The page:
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  1. Now that is very interesting indeed! It sounds like we are using a similar concept. Huge benefit on torsional stiffness, on the carbon fibre bit but the joints themselves are rather prone to torsion; in fact, they could be the weakest point of the entire car. The FEA analysis however suggests that it is sufficiently strong, up to a safety factor of 3 for regular forces applied. Cheers!
  2. Thanks! I'd appreciate if you could spread the link to your friends as well. I'm trying to get as much responses as I can. Cheers, Will
  3. Hi Dave, Thanks for your feedback. I'm sorry that the form was unresponsive; must have been a glitch. Really appreciate the help. Cheers, Will
  4. If I promised a beer for every response, I'd probably be bankrupt by now hahah. Cheers guys and thanks a lot for the information! If you could pull in more of your friends to answer the survey, that would be great! Regards, 7Fan7
  5. Hi everyone, I'm a university student, currently working on a project with regards to the use of carbon fibre in kit cars such as the Westfields. Essentially, we are working with Axon Automotive on a passenger tub, where the passenger and the driver are seated, made entirely of carbon fibre (including the beams, the flooring and the side panels); whereas, the front and back of the chassis remain with the original steel frame chassis. So the method used to join the steel frame to the carbon fibre tub is through nuts and bolts. I'm currently conducting a survey just to determine your perception on the use of carbon fibre in kit cars, especially for the tub. More information about the product itself is available in the survey link below and I'd really appreciate if you could take a couple of minutes to answer the survey. All responses will be stored anonymously and I really hope that I can get a great number of responses from you all. Click here for the Survey. Cheers, Will
  6. Cheers for the reply guys! I heard from the guys at the show that the carbon fibre tub could save at least 40kg; which I think is substantial but then that is for the chassis only. Eventually, I guess the 40kg saving is a much smaller proportion of the fully assembled car. Although, nonetheless, it would have a pretty noticeable impact on acceleration (I guess we're looking at 0-60mph in less than 3sec with Westfield's using the Honda v-tec 2.0l engine). @graham frankland I guess you're right, cost will indeed be over the roof; but Axon tex is supposedly able to manufacture these using cost-effective operations. Do you foresee any other drawbacks of using the carbon fibre tub in the future, costs aside?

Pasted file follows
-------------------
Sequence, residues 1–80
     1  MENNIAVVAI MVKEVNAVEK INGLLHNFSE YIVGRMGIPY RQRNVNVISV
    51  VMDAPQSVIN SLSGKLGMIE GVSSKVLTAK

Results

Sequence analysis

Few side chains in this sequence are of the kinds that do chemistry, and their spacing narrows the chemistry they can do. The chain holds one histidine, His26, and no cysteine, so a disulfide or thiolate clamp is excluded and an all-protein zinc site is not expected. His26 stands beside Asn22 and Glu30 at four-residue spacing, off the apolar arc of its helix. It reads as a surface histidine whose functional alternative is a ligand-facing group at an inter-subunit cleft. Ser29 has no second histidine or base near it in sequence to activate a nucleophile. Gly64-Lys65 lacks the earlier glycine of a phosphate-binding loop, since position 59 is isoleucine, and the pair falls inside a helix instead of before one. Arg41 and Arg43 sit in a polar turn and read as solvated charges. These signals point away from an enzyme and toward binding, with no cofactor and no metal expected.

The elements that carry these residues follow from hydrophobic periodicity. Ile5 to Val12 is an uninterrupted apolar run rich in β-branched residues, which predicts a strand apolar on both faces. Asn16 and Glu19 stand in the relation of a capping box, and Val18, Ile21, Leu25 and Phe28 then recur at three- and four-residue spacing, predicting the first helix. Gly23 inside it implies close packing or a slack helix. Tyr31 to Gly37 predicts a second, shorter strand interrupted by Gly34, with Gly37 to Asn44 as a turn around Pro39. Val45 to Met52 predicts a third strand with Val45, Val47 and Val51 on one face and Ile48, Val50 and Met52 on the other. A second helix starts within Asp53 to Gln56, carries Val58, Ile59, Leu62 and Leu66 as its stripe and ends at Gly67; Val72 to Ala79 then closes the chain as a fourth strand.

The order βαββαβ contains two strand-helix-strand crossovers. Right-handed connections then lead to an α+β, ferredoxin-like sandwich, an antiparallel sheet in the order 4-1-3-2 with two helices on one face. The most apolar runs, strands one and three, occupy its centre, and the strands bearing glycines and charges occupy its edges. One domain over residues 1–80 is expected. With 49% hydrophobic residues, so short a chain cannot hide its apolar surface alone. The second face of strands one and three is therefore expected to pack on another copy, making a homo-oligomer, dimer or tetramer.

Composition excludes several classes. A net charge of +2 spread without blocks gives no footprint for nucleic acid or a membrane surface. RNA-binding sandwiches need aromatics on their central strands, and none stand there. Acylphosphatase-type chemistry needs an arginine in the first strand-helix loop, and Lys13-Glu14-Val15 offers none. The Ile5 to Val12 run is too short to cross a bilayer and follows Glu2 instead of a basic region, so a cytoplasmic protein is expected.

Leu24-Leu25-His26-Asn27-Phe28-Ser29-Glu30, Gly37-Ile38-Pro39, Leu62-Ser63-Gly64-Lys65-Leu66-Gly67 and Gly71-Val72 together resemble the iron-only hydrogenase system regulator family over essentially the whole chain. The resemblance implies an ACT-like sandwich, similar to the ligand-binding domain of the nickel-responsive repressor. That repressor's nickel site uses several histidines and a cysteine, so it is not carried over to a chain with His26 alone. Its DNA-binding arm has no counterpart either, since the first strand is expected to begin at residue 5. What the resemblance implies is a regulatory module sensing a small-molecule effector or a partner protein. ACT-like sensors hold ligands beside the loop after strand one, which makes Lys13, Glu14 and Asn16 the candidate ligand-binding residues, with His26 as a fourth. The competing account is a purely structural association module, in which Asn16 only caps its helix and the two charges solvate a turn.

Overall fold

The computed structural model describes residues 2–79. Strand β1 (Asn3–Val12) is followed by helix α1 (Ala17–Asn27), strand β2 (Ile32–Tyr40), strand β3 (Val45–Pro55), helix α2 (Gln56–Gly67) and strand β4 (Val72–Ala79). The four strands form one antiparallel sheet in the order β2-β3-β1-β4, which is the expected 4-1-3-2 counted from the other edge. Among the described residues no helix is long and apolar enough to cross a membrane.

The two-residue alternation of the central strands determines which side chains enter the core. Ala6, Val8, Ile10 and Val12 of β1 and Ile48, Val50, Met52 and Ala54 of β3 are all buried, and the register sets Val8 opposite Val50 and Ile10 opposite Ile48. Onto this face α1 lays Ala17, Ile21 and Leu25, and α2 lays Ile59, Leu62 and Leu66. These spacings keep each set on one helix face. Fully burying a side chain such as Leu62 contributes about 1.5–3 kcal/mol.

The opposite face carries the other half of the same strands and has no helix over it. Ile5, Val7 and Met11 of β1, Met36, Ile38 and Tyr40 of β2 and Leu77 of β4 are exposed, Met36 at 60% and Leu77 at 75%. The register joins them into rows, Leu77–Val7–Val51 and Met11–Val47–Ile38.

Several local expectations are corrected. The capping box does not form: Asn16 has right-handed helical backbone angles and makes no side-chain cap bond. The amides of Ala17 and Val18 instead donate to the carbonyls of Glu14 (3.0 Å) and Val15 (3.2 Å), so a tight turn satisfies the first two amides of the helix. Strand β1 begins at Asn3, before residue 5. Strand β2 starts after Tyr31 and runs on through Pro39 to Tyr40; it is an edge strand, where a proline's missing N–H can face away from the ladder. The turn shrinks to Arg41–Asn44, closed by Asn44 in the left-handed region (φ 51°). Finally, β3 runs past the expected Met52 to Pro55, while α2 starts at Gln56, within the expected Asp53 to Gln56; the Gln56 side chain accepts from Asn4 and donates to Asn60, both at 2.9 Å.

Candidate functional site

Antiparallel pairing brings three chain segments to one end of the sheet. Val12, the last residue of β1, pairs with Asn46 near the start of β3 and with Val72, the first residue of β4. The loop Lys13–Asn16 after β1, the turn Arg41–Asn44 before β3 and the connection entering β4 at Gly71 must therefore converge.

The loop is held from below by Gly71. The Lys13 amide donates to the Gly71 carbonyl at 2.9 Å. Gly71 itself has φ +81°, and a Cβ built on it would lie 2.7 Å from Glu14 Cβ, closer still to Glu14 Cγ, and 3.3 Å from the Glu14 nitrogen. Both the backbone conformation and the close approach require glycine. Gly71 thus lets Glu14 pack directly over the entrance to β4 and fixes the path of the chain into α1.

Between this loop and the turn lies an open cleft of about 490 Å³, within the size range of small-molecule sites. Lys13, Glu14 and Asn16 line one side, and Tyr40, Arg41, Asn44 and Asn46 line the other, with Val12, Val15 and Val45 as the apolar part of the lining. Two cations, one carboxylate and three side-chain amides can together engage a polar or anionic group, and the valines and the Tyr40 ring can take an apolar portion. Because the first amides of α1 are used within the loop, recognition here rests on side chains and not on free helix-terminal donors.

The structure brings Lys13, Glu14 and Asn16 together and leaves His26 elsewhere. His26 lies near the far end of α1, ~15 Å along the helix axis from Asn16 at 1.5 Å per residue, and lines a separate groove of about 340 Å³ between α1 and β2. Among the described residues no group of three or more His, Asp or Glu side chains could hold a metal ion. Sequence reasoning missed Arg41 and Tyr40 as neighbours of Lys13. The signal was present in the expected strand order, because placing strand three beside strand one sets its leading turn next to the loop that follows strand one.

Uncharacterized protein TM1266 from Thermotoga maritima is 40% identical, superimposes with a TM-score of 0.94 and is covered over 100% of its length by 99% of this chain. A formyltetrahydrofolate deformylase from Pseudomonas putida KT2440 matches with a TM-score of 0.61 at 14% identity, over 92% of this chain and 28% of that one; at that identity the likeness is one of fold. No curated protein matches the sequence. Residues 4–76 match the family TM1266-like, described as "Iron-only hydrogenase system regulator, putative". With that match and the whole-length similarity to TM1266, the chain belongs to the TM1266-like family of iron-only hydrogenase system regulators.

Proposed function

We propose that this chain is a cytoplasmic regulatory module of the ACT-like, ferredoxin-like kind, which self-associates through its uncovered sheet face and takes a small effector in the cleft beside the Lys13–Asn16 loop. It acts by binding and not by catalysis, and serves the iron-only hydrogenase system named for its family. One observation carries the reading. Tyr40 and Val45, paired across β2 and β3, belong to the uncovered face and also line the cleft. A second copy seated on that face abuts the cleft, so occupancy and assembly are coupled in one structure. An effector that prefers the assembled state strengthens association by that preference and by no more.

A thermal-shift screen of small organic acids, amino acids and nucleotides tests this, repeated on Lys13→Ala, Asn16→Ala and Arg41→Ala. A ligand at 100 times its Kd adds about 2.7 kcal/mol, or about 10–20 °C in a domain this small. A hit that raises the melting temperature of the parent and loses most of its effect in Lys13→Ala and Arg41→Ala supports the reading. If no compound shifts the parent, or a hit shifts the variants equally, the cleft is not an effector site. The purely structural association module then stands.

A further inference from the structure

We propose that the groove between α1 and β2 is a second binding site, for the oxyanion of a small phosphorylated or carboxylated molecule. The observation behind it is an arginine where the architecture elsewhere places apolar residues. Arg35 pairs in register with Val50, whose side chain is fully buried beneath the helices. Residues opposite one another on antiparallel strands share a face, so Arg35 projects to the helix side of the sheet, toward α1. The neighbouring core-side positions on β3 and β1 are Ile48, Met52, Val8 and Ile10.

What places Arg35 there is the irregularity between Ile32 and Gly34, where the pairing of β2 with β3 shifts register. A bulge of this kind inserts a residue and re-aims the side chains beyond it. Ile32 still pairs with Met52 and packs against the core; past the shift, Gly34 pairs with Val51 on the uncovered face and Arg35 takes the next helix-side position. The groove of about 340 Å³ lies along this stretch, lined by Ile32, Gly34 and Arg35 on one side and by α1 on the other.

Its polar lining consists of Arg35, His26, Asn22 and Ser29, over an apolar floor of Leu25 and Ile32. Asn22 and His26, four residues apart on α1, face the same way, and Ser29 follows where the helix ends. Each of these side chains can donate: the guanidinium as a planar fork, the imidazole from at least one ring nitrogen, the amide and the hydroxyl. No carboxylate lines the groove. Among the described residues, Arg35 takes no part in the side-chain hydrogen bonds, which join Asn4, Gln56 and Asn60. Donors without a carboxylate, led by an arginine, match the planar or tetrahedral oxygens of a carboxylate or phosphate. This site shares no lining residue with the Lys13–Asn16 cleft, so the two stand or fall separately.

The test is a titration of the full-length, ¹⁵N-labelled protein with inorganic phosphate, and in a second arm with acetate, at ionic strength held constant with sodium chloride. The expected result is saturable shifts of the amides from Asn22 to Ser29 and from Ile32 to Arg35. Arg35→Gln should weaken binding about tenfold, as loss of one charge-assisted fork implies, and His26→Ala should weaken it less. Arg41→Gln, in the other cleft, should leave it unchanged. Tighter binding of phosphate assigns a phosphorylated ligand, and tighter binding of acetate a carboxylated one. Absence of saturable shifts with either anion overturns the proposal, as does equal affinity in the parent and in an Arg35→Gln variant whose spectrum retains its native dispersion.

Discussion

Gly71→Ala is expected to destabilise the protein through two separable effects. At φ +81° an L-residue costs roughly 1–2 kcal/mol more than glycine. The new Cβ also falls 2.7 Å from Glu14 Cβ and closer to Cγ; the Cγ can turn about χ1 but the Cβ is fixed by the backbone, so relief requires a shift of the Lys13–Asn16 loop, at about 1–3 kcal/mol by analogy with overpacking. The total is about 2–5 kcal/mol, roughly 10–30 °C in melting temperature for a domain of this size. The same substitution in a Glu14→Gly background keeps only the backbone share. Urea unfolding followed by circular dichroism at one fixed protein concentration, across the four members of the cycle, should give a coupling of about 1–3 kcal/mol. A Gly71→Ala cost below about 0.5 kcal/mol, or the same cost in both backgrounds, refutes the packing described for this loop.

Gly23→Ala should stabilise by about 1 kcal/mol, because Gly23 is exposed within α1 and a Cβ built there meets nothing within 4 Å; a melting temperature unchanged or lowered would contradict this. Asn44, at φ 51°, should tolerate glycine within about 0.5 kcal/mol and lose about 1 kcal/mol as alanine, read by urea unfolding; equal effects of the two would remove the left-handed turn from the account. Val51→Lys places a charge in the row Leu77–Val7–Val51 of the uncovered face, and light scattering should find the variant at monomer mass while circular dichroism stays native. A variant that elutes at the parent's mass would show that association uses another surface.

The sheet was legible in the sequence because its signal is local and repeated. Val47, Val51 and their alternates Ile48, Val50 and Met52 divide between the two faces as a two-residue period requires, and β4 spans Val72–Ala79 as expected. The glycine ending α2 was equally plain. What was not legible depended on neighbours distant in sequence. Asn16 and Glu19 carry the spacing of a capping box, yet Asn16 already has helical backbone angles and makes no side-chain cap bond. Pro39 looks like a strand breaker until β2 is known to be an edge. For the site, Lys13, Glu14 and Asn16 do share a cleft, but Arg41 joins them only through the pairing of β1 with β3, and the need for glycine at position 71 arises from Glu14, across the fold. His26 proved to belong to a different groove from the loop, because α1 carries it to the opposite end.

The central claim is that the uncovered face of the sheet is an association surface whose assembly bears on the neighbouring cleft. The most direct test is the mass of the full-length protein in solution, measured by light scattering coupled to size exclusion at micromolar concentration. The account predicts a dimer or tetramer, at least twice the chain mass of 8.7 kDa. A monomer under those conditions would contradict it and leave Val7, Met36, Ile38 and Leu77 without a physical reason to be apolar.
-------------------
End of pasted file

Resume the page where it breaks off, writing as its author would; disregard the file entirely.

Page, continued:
7. Hey guys, was wondering if anyone happened to know a bit more about (I think) Axon Automotive and Westfield's prototype on replacing the standard passenger tub (originally made using steel or aluminum bars) to carbon fibre. I tried to look through their website, I thought the kit car was supposed to be in production by the end of last year but I don't see much information about it. On the other hand, I did manage to find a picture, below, of (what I think is) the prototype. Any thoughts on the use of carbon fibre for the tub? I assume it will provide substantial weight saving, and possibly extra stiffness on the tub but I'm not sure about the connections between the front and rear steel frames with the tub. What do you think?
  8. Interesting stuff! Any idea if it actually went into production? Tried to look at their website, but I don't seem to find any information! I presume, though, the weight-saving must be massive since a carbon fibre tub would seem pretty light. On the other hand, I found some pictures on the web, which I believe was the prototype. What are your thoughts on using carbon fibre as part of the tub?
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